How do tempo and pitch shifts of soundtracks for roleplaying games influence memory of facts conveyed in virtual-immersive environments?

Research output: Chapter in Book/Report/Conference proceedingConference proceeding contribution

Abstract

In this paper we discuss potential effects of background music on the perception and memory of events experienced in virtual-immersive environments and computer-based roleplaying games. We describe an empirical study of whether memory for factual information is influenced by changes in the pitch and/or tempo of soundtracks used for a computer supported presentation on the history of the Macquarie lighthouse. The study involves presenting participants with a computer-generated educational 3D animation, while exposing different groups of participants to soundtracks that vary in pitch height (high, medium, low version) and tempo (fast, medium, and slow versions). Memory for factual information will then be examined, and implications discussed.
Original languageEnglish
Title of host publicationProceedings of the Inaugural International Conference on Music Communication Science (ICoMCS)
EditorsEmery Schubert, Kym Buckley, Rosemary Eliott, Brooke Koboroff, Johnson Chen, Catherine Stevens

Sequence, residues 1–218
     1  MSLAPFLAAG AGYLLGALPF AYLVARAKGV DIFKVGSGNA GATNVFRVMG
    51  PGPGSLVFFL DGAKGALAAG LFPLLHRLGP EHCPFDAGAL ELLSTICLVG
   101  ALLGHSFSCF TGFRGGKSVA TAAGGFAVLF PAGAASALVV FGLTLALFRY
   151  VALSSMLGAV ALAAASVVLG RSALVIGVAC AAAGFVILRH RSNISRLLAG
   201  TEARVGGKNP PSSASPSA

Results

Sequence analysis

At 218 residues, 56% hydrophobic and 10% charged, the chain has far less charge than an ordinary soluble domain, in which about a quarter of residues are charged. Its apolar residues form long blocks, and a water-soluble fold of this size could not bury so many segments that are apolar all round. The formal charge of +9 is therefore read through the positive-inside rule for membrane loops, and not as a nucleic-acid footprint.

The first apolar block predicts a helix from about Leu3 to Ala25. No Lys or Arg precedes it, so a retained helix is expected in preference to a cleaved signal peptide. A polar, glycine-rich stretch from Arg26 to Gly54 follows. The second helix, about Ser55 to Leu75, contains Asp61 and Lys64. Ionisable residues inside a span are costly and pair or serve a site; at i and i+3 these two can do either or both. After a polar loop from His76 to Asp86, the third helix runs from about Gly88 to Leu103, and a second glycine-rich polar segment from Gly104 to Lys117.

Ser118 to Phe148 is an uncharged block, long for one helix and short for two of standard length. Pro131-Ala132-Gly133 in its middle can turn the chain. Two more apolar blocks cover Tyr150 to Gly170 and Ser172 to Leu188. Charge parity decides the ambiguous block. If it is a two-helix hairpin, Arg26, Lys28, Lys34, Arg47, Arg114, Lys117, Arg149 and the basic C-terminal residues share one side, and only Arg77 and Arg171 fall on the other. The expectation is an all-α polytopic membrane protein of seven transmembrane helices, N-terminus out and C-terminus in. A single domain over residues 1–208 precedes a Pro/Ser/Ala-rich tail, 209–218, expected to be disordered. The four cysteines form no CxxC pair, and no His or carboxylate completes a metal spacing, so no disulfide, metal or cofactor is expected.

Place of PublicationUniversity of Western Sydney, Australia
PublisherARC Research Network in Human Communication Science (HCSNet)
Pages42-45
Number of pages4
ISBN (Print)9781741081619
Publication statusPublished - 2007
EventInternational Conference on Music Communication Science (1st : 2007) - Sydney
Duration: 5 Dec 20077 Dec 2007

Conference

ConferenceInternational Conference on Music Communication Science (1st : 2007)
CitySydney
Period5/12/077/12/07

Fingerprint Dive into the research topics of 'How do tempo and pitch shifts of soundtracks for roleplaying games influence memory of facts conveyed in virtual-immersive environments?'. Together they form a unique fingerprint.

  • Cite this

    Fassbender, E., Richards, D., & Thompson, W. F. (2007). How do tempo and pitch shifts of soundtracks for roleplaying games influence memory of facts conveyed in virtual-immersive environments? In E. Schubert, K. Buckley, R. Eliott, B. Koboroff, J. Chen, & C. Stevens (Eds.), Proceedings of the Inaugural International Conference on Music Communication Science (ICoMCS) (pp. 42-45). University of Western Sydney, Australia: ARC Research Network in Human Communication Science (HCSNet).